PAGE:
Pinnacles Peek: National Park Service turns 100 this year

The House of Representatives approved a bill that would rename Pinnacles National Monument to a national park. The bill now heads to the Senate.

The new Pinnacles Peek features will run monthly in the Free Lance Lifestyles section as a new partnership with Pinnacles National Park, which provides the content.
Editor’s note: Pinnacles Peek features will run monthly in the Free Lance Lifestyles section as a new partnership with Pinnacles National Park, which provides the content.
The National Park Service turns 100 on Aug. 25. Pinnacles National Park invites everyone to celebrate with them by finding your park. Find Your Park is an opportunity about more than just national parks; it’s about the NPS working in your community through education programs, community assistance projects and more. It’s about state parks, local parks, trails, museums, historic sites, and the many ways that the American public can connect with history and culture, enjoy nature, and make new discoveries.
One hundred years ago, President Woodrow Wilson signed the act creating the National Park Service in 1916 to manage existing and yet to be created national parks. The NPS was the first agency of its kind in the world, preserving natural and cultural resources for the enjoyment, education and inspiration of current and future generations. The many designations of NPS’s 409 units include national parks, monuments, recreation areas, historic sites and parks, historic trails, national seashores, national memorials, and many others. Although the initial designation of Pinnacles as a national monument goes back to 1908, it’s new designation as a national park in 2013 makes Pinnacles the newest of America’s 59 national parks. This year, Pinnacles and the entire park service family will be celebrating with exciting activities, programs and events. Did you know there were 11 National Park Service sites to visit in the San Francisco Bay Area including Pinnacles National Park? How many have you visited or how long has it been between visits? You can learn more about all 409 National Park units to plan your next visit at http://Findyourpark.com or http://www.nps.gov/.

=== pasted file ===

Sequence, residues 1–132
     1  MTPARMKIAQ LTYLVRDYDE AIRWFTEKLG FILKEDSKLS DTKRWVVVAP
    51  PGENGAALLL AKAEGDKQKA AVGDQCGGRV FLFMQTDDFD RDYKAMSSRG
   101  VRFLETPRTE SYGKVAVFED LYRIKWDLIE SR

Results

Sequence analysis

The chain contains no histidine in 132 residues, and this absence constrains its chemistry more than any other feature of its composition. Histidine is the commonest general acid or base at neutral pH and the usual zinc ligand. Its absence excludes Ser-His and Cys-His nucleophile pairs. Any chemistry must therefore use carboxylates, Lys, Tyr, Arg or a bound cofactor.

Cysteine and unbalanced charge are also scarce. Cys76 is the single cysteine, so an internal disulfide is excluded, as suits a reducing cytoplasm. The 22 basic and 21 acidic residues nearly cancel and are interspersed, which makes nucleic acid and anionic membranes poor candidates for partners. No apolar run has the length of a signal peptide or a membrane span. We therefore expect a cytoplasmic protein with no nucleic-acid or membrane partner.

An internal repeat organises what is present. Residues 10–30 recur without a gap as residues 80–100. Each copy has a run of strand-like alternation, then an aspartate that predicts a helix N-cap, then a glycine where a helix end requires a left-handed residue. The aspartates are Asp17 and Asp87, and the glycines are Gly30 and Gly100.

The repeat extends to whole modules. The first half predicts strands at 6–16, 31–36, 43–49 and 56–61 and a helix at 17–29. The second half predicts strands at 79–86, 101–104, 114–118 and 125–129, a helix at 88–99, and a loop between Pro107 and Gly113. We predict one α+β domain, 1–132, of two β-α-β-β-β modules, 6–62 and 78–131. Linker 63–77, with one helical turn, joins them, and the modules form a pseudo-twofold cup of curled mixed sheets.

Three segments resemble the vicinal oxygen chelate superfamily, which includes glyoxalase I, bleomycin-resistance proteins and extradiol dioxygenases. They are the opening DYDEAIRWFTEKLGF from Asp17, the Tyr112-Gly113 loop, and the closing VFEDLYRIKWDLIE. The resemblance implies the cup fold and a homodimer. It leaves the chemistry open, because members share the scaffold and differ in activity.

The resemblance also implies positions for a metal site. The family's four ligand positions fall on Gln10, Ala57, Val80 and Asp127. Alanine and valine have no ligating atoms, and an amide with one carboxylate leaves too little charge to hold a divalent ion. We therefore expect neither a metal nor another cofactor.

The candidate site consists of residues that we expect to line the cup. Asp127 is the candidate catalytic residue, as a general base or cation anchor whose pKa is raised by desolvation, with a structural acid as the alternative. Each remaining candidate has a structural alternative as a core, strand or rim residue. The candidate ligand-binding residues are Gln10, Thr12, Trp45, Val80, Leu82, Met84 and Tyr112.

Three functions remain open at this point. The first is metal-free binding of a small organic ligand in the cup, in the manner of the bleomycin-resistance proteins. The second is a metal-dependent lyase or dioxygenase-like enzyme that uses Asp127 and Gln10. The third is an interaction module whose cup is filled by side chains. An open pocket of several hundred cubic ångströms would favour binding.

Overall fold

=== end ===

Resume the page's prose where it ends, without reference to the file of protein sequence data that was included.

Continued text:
To kick off the second century of stewardship of America’s national parks and engaging communities through recreation, conservation and historic preservation programs, we offer a birthday gift to all fourth grade students: a free Every Kid in a Park Pass that gets you into all federal lands free of charge. To get your pass, just go to http://everykidinapark.gov and answer a few questions about an adventure you might take in public lands and print your pass! This pass provides free access for you and your family to Pinnacles National Park and all 409 park service sites, as well as national forests, national wildlife refuges, and more so you can find our adventure.
For a list of activities and programs offered at Pinnacles please go to the Pinnacles website calendar under Plan Your Visit www.nps.gov/pinn/planyourvisit/calendar.htm.

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